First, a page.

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Simple Monetary Rules under Fiscal Dominance

  • Michael, Kumhof
  • Ricardo, Nunes
  • Irina, Yakadina

This paper asks whether an aggressive monetary policy response to inflation is feasible in countries that suffer from fiscal dominance, as long as monetary policy also responds to fiscal variables. We find that if nominal interest rates are allowed to respond to government debt, even aggressive rules that satisfy the Taylor principle can produce unique equilibria. But following such rules results in extremely volatile inflation. This leads to very frequent violations of the zero lower bound on nominal interest rates that make such rules infeasible. Even within the set of feasible rules the optimal response to inflation is highly negative, and more aggressive inflation fighting is inferior from a welfare point of view. The welfare gain from responding to fiscal variables is minimal compared to the gain from eliminating fiscal dominance.

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File URL: http://mpra.ub.uni-muenchen.de/4462/1/MPRA_paper_4462.pdf
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Paper provided by University Library of Munich, Germany in its series MPRA Paper with number 4462.

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Date of creation: Aug 2007
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Handle: RePEc:pra:mprapa:4462
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  1. Sims, Christopher A, 1994. "A Simple Model for Study of the Determination of the Price Level and the Interaction of Monetary and Fiscal Policy," Economic Theory, Springer, vol. 4(3), pages 381-99.
  2. Albert Marcet & Albert Scott, 2007. "Debt and Deficit Fluctuations and the Structure of Bond Markets," Working Papers 332, Barcelona Graduate School of Economics.
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  8. Stephanie Schmitt-Grohé & Martín Uribe, 2007. "Optimal simple and implementable monetary and fiscal rules," Working Paper 2007-24, Federal Reserve Bank of Atlanta.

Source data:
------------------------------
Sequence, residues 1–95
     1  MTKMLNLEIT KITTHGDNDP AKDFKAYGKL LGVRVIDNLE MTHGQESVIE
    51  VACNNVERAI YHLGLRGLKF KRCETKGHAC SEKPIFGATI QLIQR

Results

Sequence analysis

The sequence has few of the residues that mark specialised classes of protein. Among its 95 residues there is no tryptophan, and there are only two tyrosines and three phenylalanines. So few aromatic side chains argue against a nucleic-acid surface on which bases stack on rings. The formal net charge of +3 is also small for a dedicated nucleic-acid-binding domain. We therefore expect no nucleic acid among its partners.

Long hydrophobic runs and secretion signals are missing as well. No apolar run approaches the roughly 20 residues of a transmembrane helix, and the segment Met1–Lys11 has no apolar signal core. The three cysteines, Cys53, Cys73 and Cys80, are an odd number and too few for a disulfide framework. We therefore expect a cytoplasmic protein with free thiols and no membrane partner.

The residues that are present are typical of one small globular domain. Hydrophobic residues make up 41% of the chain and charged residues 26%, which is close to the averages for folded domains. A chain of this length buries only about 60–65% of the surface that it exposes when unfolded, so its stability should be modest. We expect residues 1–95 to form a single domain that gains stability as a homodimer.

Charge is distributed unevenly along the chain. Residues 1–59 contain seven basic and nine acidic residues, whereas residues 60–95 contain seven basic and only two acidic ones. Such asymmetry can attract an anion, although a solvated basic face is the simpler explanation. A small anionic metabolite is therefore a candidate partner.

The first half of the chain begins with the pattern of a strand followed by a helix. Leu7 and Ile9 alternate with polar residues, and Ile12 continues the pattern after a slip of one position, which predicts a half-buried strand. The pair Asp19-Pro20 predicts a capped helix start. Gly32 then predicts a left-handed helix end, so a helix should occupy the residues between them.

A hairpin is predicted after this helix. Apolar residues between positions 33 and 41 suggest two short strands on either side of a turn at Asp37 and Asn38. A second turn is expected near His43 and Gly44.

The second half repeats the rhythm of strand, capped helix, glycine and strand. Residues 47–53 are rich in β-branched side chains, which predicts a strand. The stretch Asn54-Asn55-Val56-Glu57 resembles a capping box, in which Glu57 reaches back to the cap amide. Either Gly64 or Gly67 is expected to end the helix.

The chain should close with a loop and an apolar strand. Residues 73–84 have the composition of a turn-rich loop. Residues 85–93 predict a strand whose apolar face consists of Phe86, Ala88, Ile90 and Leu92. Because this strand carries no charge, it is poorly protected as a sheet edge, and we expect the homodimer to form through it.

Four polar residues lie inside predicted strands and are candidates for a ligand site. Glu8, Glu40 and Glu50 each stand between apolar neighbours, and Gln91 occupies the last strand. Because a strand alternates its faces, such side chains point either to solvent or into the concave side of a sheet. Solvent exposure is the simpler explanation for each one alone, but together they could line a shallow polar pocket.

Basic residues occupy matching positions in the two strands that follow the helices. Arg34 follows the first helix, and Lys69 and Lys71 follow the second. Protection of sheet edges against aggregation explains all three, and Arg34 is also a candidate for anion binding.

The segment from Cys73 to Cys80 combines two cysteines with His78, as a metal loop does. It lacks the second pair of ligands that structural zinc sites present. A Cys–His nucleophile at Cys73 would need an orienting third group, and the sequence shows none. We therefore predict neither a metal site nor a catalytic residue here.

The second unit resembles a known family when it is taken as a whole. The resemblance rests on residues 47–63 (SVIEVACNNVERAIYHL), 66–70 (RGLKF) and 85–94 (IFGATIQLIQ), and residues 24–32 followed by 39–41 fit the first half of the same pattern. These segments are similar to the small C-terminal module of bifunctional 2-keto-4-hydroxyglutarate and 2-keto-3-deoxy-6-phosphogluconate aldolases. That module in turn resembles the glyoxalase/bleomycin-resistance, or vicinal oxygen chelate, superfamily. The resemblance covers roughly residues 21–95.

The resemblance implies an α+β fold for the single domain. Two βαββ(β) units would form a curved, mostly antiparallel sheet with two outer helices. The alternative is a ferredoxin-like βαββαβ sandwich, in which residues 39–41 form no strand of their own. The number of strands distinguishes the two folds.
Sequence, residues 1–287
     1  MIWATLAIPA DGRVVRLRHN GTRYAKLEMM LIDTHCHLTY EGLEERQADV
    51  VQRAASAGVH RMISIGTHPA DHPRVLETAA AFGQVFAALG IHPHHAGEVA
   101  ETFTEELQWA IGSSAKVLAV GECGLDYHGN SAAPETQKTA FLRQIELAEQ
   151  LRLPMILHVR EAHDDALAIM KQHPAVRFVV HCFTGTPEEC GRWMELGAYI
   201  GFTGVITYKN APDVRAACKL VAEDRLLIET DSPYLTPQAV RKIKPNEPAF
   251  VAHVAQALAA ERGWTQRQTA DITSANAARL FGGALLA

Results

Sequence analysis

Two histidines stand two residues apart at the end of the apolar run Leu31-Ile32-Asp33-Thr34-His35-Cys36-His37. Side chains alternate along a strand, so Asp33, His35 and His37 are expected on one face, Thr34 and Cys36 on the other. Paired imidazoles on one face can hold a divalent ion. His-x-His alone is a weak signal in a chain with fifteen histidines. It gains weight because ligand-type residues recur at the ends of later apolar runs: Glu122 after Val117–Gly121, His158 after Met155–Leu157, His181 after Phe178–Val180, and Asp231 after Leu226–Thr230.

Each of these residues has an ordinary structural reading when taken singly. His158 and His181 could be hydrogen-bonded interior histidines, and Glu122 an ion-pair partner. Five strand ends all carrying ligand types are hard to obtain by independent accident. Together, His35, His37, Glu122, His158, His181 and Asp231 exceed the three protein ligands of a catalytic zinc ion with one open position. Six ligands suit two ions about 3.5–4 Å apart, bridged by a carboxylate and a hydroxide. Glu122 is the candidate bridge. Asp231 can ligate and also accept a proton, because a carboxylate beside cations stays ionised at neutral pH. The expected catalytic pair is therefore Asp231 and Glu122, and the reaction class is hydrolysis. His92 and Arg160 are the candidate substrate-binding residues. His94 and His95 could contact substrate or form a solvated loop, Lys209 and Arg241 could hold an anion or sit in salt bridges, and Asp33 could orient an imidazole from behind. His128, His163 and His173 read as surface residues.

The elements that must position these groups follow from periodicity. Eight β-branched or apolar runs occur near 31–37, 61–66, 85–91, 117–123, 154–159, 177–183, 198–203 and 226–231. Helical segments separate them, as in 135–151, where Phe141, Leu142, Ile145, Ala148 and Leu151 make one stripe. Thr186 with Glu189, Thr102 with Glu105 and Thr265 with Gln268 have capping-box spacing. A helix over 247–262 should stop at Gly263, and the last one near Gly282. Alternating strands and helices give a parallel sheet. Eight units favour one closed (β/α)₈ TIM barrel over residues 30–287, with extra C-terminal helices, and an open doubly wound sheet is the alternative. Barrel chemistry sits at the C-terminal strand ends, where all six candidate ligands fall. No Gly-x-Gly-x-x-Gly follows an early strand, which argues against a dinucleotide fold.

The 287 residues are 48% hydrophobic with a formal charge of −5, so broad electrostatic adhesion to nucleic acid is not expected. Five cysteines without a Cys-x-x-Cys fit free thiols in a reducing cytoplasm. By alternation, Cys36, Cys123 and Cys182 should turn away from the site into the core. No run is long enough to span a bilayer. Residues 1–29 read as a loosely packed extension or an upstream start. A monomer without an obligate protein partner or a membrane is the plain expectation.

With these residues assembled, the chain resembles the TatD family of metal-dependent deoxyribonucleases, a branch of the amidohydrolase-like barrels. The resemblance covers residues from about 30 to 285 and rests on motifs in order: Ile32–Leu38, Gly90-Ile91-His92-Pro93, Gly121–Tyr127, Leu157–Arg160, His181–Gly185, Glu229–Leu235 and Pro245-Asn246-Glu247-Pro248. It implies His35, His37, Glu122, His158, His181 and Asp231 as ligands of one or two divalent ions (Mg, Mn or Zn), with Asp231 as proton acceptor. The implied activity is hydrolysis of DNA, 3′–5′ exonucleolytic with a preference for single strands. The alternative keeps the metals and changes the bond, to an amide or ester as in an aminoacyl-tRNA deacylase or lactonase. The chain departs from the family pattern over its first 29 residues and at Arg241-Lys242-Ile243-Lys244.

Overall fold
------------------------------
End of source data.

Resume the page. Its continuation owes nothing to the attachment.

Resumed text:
9. Stephanie Schmitt-Grohe & Martin Uribe, 2001. "Solving Dynamic General Equilibrium Models Using a Second-Order Approximation to the Policy Function," Departmental Working Papers 200106, Rutgers University, Department of Economics.
  10. John H. Cochrane, 2000. "Money as Stock: Price Level Determination with no Money Demand," NBER Working Papers 7498, National Bureau of Economic Research, Inc.
  11. Martin Uribe & Stephanie Schmitt-Grohe, 2001. "Optimal fiscal and monetary policy under sticky prices," Proceedings, Federal Reserve Bank of San Francisco, issue Jun.
  12. Kumhof, Michael & Li, Shujing & Yan, Isabel, 2007. "Balance of payments crises under inflation targeting," Journal of International Economics, Elsevier, vol. 72(1), pages 242-264, May.
  13. John H. Cochrane, 1998. "A Frictionless View of U.S. Inflation," NBER Working Papers 6646, National Bureau of Economic Research, Inc.
  14. V. V. Chari & Lawrence J. Christiano & Patrick J. Kehoe, 1991. "Optimal fiscal and monetary policy: some recent results," Staff Report 147, Federal Reserve Bank of Minneapolis.
  15. Leeper, Eric M., 1991. "Equilibria under 'active' and 'passive' monetary and fiscal policies," Journal of Monetary Economics, Elsevier, vol. 27(1), pages 129-147, February.
  16. Collard, Fabrice & Juillard, Michel, 2001. "Accuracy of stochastic perturbation methods: The case of asset pricing models," Journal of Economic Dynamics and Control, Elsevier, vol. 25(6-7), pages 979-999, June.
  17. Betty Daniel, 2000. "A Fiscal Theory of Currency Crises," Econometric Society World Congress 2000 Contributed Papers 0535, Econometric Society.
  18. Ricardo Nunes, 2010. "Inflation Dynamics: The Role of Expectations," Journal of Money, Credit and Banking, Blackwell Publishing, vol. 42(6), pages 1161-1172, 09.
  19. Thomas J. Sargent & Neil Wallace, 1981. "Some unpleasant monetarist arithmetic," Quarterly Review, Federal Reserve Bank of Minneapolis, issue Fall.
  20. Michael Kumhof & Evan Tanner, 2005. "Government Debt; A Key Role in Financial Intermediation," IMF Working Papers 05/57, International Monetary Fund.
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